Blog Archives

New James Hetfield Biography: An Interview with Author Mark Eglinton

Mark Eglinton’s So Let It Be Written: The Biography of Metallica’s James Hetfield is the first biography of a living member of Metallica.

In the book, which will hit shelves April 11 via Lesser Gods, Eglinton uses exclusive, firsthand interviews with artists and celebrities who have crossed paths with the guitarist, including other members of Metallica, Testament’s Chuck Billy (who wrote the book’s foreword), Charlie Benante (Anthrax), Jerry Cantrell (Alice In Chains) and Rex Brown (Pantera), to construct the definitive account of Hetfield—at least up to this point.

Before becoming one of metal’s biggest personalities, Hetfield overcame several barriers throughout his adolescence, including his parents’ divorce, his mother’s death and severe alcoholism. Eglinton’s book provides the ultimate insider’s look at the man who turned it all around and became a metal god.

I recently spoke to Eglinton about So Let It Be Written, and you can check out our interview below. For more about Eglinton, visit mark-eglinton.com.

What made you decide to write a biography about Hetfield?

I’ve been a fan of the band my whole life, and this idea probably goes back to when I met James for the first time in 1986. I met James and Cliff Burton when Metallica played in my hometown, Edinburgh, Scotland. This was the week before Cliff died, so in retrospect, it was a pretty significant meeting.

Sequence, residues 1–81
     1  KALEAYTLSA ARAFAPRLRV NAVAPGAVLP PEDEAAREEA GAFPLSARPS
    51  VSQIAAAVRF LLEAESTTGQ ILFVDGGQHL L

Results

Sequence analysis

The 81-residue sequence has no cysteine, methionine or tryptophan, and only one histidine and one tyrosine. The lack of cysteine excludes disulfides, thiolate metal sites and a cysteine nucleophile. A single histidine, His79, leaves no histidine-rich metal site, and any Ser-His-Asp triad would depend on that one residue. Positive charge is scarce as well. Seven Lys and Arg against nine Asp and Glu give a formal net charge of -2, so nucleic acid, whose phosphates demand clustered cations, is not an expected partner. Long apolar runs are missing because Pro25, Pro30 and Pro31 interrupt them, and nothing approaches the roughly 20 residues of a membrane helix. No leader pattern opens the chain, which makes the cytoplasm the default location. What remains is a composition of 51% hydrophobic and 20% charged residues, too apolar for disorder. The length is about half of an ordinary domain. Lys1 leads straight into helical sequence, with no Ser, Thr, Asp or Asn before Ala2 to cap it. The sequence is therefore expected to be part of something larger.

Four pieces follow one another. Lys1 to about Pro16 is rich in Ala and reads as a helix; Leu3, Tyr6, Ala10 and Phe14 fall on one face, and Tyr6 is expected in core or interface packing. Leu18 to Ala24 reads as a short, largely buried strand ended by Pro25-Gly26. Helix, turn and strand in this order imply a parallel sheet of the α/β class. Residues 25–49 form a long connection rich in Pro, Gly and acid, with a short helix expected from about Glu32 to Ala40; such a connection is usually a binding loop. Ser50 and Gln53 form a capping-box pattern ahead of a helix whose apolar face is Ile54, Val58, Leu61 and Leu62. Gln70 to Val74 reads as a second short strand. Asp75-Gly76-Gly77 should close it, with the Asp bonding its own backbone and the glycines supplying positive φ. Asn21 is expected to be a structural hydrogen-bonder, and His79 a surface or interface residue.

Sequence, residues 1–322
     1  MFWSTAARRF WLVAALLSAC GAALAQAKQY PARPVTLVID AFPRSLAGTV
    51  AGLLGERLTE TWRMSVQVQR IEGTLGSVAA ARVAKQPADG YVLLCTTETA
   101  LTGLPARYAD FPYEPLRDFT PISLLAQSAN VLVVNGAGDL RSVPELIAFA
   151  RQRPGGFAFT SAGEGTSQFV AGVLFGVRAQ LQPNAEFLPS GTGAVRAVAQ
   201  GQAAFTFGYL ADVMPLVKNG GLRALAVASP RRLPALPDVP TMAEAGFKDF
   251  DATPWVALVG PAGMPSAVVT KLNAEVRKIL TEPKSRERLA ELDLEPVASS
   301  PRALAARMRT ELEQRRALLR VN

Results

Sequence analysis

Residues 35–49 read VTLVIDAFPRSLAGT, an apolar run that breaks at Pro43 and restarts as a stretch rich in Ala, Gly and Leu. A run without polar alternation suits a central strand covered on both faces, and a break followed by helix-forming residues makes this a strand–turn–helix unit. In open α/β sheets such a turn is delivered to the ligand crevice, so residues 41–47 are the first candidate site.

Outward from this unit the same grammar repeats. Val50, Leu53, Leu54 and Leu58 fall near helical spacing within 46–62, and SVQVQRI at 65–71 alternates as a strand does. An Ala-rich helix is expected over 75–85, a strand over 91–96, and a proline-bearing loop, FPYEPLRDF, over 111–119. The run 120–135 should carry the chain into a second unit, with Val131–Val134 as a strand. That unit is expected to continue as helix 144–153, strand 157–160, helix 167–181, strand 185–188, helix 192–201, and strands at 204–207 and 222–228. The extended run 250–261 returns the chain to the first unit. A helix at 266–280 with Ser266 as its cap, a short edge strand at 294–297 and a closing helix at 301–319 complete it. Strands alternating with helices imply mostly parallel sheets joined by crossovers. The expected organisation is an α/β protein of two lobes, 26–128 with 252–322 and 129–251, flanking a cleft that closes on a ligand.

James struck me as someone who had a lot of thinking going on but maybe didn’t know how to express it. As time went on, it became an interesting idea to see how he had evolved. On a basic level, it also surprised me that no biography had ever been written about him. Those two things in combination made it a pretty easy decision.

What made the music of Metallica so special for you back then?

I was into a lot of the bands that were around at that time—1984 to ’86—but was looking for something a bit heavier. When I heard Metallica for the first time, it was like inventing the wheel. It was a sound that was so different, so new and so aggressive. It wasn’t radically different from heavy metal but it was being done in a way that no one had ever done before. They’ve always maintained that interest for me.

Read the rest of my
Interview with Mark Eglinton by Clicking Here!

Advertisements
%d bloggers like this: